Beginning to study music is exciting! Learning to play a musical instrument provides you with skills that are beneficial for a lifetime.
The Basics of Getting Started
Some factors to consider if you are deciding whether and when to begin lessons:
- Which instrument you would like to learn
- Whether you own an instrument or will be renting or buying one
- Cost of your lessons and supplies
- Level of commitment to practicing at home
- Your ability to keep up with a lesson schedule
Questions to ask a new music teacher, before you begin lessons:
- What are the teacher's policies and fees?
- Does the teacher have references available?
- Are your books and supplies included in or separate from lesson costs?
- What expectations does the teacher have for at-home practice?
- How are canceled/rescheduled lessons handled?
- Does the musical instrument require special maintenance?
What to Expect
When you begin studying music, your teacher will set up a schedule of lessons. Often, this will be a once-a-week lesson at the teacher's studio. Sometimes, lessons will be part of a group class, like choir or band practice.
At your lessons, you'll learn new musical concepts and techniques, and you'll get feedback from your teacher about your progress. The teacher will usually write assignments in a lesson book or notebook. Be sure to ask questions during your lessons, so that you and your teacher maintain good communication about what's expected.
Practice Makes Perfect
After working with the teacher at your music lesson, you'll practice musical skills on your own at home. Most music teachers recommend that beginners practice for about half an hour each day. Practicing daily is important because mastering any new skill requires repetition and time.
When you practice at home, write down any questions that come to mind. This way, you'll have a reminder to ask the teacher to explain anything that didn't make sense.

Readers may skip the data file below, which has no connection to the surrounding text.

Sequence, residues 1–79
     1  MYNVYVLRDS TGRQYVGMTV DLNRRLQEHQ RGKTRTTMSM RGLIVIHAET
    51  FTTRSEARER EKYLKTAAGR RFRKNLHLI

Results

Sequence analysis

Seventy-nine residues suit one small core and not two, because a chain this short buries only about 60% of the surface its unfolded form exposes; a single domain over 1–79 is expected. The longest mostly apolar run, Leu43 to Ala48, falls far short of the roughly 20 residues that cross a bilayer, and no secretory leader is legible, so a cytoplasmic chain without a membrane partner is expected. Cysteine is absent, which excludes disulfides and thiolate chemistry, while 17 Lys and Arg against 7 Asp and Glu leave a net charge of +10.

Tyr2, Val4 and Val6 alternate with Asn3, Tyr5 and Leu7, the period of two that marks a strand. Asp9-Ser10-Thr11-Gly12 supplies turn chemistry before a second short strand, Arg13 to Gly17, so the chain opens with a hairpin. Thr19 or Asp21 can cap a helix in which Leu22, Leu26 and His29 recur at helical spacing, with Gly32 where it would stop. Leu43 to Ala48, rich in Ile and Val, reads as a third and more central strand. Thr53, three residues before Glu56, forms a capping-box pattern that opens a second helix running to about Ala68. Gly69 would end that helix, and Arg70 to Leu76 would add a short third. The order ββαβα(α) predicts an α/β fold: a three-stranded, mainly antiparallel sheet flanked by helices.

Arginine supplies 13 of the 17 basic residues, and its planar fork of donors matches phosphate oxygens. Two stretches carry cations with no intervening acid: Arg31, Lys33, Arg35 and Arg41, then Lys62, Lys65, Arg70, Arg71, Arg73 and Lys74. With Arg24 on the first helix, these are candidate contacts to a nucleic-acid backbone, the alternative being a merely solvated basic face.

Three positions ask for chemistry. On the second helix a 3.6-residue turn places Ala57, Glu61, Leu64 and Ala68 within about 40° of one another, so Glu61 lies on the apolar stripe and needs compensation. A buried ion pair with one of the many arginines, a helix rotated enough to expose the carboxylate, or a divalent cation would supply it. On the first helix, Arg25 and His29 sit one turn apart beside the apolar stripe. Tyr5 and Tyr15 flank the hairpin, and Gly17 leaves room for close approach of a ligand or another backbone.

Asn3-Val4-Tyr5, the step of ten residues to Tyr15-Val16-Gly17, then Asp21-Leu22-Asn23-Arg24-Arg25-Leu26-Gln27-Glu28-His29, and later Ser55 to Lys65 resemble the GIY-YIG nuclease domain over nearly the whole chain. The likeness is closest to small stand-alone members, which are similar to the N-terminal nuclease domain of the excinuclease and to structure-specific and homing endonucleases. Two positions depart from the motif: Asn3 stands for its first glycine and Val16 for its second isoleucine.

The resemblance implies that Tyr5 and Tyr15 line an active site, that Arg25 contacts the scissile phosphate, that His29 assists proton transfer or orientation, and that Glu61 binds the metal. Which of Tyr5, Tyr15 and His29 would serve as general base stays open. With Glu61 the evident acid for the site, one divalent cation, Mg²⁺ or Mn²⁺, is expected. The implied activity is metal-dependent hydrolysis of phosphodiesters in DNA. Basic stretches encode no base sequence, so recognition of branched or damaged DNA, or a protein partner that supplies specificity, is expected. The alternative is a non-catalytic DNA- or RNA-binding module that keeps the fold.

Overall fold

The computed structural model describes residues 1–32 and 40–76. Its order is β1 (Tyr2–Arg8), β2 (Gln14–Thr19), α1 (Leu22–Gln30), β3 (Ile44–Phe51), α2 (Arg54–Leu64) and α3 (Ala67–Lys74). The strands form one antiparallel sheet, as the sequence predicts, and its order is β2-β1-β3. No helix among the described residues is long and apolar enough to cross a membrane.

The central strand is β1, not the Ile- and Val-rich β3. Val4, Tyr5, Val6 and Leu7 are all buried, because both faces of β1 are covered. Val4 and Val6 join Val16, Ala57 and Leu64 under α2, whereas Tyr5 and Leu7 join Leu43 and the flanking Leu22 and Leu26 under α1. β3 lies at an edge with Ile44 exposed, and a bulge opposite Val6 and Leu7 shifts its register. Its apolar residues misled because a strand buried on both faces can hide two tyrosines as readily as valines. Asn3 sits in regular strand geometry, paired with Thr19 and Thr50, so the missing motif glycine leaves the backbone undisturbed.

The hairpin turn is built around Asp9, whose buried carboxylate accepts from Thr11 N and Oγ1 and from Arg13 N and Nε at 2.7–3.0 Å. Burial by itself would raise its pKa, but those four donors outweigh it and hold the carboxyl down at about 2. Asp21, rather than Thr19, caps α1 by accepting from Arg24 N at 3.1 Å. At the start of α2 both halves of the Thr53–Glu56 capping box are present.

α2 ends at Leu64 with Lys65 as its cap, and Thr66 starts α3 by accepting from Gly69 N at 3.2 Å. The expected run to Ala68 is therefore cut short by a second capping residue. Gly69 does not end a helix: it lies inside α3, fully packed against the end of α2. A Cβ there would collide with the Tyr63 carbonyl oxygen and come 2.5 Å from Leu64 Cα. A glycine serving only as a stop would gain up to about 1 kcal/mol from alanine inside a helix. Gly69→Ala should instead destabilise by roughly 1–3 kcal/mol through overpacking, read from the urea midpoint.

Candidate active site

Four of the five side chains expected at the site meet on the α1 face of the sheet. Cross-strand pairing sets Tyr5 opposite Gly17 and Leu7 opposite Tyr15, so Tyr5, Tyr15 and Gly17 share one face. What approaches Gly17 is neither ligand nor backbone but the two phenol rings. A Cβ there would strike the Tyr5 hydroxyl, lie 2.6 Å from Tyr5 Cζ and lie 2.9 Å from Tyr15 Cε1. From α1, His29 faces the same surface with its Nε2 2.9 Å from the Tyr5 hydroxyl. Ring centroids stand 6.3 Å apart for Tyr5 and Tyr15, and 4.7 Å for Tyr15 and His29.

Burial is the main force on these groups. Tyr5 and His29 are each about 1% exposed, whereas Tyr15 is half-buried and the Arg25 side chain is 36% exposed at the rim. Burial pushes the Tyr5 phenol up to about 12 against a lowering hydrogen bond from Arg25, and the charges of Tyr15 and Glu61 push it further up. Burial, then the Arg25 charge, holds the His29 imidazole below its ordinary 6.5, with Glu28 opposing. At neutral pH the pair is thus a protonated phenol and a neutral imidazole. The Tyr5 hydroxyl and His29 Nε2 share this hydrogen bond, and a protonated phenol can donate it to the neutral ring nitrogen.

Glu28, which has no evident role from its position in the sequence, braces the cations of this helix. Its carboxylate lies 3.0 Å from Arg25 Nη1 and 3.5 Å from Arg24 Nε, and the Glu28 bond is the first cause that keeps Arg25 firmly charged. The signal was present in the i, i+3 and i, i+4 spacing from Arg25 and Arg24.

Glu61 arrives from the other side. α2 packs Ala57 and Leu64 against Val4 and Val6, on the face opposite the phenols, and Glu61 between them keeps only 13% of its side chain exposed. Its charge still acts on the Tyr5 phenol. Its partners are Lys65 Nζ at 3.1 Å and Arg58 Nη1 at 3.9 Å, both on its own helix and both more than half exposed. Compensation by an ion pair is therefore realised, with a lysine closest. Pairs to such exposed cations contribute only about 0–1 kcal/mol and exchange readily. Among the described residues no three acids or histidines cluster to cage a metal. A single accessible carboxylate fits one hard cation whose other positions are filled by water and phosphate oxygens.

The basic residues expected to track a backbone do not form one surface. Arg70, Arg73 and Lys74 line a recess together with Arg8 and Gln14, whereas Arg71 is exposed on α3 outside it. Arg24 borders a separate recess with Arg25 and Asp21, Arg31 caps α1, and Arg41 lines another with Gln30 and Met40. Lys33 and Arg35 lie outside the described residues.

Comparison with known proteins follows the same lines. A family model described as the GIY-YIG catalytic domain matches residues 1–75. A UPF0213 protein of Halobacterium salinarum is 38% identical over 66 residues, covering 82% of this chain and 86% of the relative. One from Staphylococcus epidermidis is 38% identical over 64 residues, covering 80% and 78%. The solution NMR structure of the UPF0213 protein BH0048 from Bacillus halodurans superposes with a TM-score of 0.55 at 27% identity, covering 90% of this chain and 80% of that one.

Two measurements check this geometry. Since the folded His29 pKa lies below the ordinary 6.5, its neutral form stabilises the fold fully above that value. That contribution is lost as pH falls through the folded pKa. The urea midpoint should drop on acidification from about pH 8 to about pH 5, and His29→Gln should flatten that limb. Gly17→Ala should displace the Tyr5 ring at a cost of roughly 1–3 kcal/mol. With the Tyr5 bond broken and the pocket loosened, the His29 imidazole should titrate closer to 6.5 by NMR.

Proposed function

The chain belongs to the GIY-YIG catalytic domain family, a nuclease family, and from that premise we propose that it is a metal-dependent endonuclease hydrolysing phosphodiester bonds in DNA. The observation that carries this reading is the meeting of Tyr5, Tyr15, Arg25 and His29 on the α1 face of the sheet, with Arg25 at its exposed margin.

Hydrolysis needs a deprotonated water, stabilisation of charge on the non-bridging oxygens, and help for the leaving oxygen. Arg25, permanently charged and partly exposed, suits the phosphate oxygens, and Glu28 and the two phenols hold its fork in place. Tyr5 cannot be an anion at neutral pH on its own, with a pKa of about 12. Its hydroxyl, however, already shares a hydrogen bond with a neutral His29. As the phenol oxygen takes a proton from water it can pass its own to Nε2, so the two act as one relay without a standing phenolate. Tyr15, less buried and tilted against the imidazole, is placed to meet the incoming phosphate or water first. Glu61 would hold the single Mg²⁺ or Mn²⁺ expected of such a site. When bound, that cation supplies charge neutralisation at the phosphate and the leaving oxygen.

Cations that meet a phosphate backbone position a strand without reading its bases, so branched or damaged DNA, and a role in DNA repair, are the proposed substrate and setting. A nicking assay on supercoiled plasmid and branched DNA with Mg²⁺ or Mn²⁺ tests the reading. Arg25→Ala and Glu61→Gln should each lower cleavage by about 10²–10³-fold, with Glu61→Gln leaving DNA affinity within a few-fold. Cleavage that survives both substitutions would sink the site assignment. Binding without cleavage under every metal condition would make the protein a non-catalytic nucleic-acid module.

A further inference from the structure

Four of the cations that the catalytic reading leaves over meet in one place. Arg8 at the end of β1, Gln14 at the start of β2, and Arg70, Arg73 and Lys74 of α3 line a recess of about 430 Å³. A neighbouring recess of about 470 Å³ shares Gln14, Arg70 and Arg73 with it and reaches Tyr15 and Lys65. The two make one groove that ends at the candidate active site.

Paying for music lessons is essentially hiring an experienced professional to teach you a specialized skill. Most teachers charge a fee per hour or fee per lesson.
The cost of musical training is a big investment, but it's a worthwhile one. The best teachers have spent hours, years, even decades perfecting their craft. And good teachers take their work seriously, encouraging and inspiring students while teaching proper technique and specific skills.
A Few Details
Give yourself lots of time to develop familiarity with the variety of musical techniques you learn. Many factors are involved in making music - stringed instruments have to be tuned, wind instruments require breath control, and most instruments involve using both hands at once. It takes time and training to learn and improve your skills in reading music and playing music by ear.
As your lessons progress, your teacher will work with you to develop your musical ability through a variety of musical exercises and songs in various styles. You'll learn music theory, which is the science behind music. You'll develop confidence by occasionally performing in a recital or mini-concert. You'll play music for friends and family to enjoy.
Reasons and Goals
Finally, it's helpful to always keep in mind the reasons you want to study music in the first place. What are your goals? What is the WHY behind your desire to learn music?
Do you really wish you could create memories around the campfire while strumming the guitar and singing? Envisioning that will encourage you when your fingers are sore from learning guitar chords. Have you always wished you could play accompaniments on the piano? That'll motivate you when you're practicing scales and chords for the umpteenth time. Did your favorite great-uncle play the fiddle and you want to follow in his footsteps? Keep up the good work!
Working to achieve your musical goals will be a rewarding process, and you will find that studying music is a rewarding and enriching experience!
Morgan Smith is a contributing writer and media specialist for Powell Academy of Music.